Roll into 10 golf ball sized balls, then slightly flatten them.

In a frying pan lightly fry the meatballs in a little of the olive oil until just golden.

Take them out and drain on kitchen paper.

Fry the potato slices briefly on each side so they aren't cooked through but reach a golden colour, seasoning them with salt and pepper as you cook them.

Transfer the potato slices to kitchen paper, wipe the pan out.

Pour the tin of tomatoes and chicken stock into a pan and bring to a simmer.

Layer the bottom of a baking dish with the spuds, arrange the meatballs on top. Scatter around the sliced onions and pepper pieces, and sprinkle everything lightly with chilli flakes and dried oregano.

Pour the cooking liquor carefully into the dish so that it comes roughly half way up meat. Finish by putting a slice of tomato on top of each meatball.

Bake for 45 minutes then add chopped parsley and serve with yogurt.


(Serves 6-8)

200g baby spinach, roughly chopped

1 standard block of feta

2 green chillies, chopped (seeds in or out)

2 spring onions, sliced

Big handful of dill, chopped

250g fresh filo sheets

4 tbsp whole milk

2 tbsp extra virgin olive oil

Salt and pepper

Put the feta in a mixing bowl and mash it. Add the chopped baby spinach, chillies, spring onions, dill and quite a lot of salt and pepper.

Brush the base of a large frying pan with extra virgin olive oil then mix the rest of the oil with the milk. Lay one of the large sheets of filo over it so that it drapes over the sides.

Spoon in half the filling, then rip another piece of filo in half. Take one half and tear it into large pieces, dip them into the milky olive oil mix before laying them roughly on top.

Then spoon on the rest of the filling, before repeating the other half in the same way.

Fold the filo that is hanging over the edges back over the top, and brush again with the milky oil.

Now put the pan on a medium heat and cook for five to six minutes each side, before cutting into wedges and serving with yogurt if you fancy.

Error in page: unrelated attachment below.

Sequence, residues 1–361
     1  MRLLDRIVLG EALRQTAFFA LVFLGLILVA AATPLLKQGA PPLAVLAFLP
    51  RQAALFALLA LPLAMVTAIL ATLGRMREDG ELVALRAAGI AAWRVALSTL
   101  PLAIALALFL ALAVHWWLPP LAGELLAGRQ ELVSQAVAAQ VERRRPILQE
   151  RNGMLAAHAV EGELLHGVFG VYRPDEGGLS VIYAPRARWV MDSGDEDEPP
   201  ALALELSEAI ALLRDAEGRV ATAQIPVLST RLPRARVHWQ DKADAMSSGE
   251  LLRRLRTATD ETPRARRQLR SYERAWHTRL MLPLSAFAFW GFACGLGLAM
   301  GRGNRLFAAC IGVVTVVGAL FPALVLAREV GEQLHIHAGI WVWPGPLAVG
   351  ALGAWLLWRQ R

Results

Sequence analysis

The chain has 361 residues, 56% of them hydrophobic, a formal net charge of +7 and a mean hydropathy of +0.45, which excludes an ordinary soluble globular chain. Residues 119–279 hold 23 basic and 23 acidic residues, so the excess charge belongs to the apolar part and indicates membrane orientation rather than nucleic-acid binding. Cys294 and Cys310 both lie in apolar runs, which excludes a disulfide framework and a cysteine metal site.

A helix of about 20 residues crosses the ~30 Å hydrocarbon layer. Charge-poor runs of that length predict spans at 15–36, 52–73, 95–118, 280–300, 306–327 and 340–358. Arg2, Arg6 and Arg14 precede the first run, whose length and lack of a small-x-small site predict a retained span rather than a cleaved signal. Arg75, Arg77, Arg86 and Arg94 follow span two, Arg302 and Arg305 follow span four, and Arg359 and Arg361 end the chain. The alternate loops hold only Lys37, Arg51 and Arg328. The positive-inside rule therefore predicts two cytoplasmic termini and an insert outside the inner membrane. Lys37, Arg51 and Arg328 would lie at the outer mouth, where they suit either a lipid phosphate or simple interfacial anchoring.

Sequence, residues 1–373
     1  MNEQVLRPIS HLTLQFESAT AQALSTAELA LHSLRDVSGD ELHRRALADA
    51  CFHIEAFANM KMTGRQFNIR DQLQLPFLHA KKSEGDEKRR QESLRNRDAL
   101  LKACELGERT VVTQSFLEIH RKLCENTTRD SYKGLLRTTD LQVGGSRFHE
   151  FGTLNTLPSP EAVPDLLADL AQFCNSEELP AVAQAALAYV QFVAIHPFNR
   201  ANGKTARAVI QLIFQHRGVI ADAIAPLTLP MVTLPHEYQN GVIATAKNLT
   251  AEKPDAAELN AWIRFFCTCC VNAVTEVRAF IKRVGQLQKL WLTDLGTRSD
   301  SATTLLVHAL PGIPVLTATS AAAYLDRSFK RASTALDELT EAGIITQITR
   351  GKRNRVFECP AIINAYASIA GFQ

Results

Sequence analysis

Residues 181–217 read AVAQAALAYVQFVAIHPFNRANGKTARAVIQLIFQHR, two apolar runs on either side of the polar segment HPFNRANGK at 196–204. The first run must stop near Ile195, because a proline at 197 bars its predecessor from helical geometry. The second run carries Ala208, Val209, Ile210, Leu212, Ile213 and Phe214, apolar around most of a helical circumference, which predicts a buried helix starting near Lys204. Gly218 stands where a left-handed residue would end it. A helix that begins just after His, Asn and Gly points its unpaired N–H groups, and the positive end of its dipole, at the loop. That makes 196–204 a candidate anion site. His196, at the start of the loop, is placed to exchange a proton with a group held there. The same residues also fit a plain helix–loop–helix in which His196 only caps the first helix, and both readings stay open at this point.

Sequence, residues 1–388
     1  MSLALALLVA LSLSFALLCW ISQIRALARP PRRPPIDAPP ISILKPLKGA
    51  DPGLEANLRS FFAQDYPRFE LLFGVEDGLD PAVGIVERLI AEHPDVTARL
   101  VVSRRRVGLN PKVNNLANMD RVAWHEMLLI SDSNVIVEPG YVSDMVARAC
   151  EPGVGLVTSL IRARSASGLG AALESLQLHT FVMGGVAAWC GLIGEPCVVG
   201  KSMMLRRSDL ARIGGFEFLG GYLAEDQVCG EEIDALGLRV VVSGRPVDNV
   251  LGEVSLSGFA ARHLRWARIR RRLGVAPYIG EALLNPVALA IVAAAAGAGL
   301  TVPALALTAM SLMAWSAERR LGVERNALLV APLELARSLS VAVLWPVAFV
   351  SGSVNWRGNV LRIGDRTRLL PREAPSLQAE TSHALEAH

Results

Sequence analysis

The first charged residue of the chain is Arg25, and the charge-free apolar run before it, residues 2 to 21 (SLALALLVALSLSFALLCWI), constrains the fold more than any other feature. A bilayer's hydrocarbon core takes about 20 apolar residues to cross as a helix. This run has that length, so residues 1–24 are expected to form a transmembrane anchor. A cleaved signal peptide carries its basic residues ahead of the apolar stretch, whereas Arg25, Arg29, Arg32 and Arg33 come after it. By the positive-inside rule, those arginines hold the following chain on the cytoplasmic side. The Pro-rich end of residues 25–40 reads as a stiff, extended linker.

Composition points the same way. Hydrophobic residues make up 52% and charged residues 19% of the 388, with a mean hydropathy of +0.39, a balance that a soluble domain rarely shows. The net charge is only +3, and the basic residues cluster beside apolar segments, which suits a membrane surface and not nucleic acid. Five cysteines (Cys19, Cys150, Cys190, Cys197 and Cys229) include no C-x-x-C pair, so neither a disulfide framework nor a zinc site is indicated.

A salad from the Kurdish heartlands around Bingol, Murc (meaning 'chisel') features little chipped shards of walnut.

(Serves 4-6 as a side salad or in a mezze selection)

1 large mug coarse bulgur wheat

1 large mug of hot vegetable or meat stock

50g walnut pieces, lightly toasted then broken into little pieces (tip - let the walnuts cool before breaking into pieces)

1 large tomato, finely chopped, sprinkled with 1 tsp sumac

A small bunch of flat leaf parsley, finely chopped

4 tbsp pomegranate molasses

Rinse the bulgur under a running tap until the water runs clear.

Place the rinsed bulgur in a bowl, pour over the hot stock and cover. After 15 minutes, it will have absorbed all the liquid.

Fork the bulgur through with the sumac-sprinkled tomato and the parsley.

Check for seasoning, then fork through with pomegranate molasses. Place in a serving bowl.

Sprinkle with the walnuts and serve at room temperature.

:By Simon Gamble for www.gloriousfoods.co.uk


Kekik is Turkish wild thyme. It tastes sweeter and is less pungent than the thymes we are used to buying.

(Serves 4-6 as a side salad or in a mezze selection)

For the salad:

25g fresh thyme spikes, soaked in a little salty water for 1 hour, then drained

4 medium, ripe tomatoes, skinned, seeded and chopped very small

A medium bunch of flat leaf parsley, roughly chopped

150g best quality green olives, stones removed

For the dressing:

2 tbsp pomegranate molasses

3 tbsp extra virgin olive oil

A pinch of salt dissolved in 1 tbsp lemon juice

Prepare the olives by chopping roughly. Place in a bowl. De-salt by pouring boiling water over. Leave for five minutes, rinse and repeat.

Add the de-salted olives to the rest of the salad ingredients.

Whisk the dressing ingredients together, and stir through the salad. Serve immediately.

By Simon Gamble for www.gloriousfoods.co.uk

Turkish Delight with Allegra McEvedy starts on Good Food (Sky 247/Virgin 260) on Sunday, September 16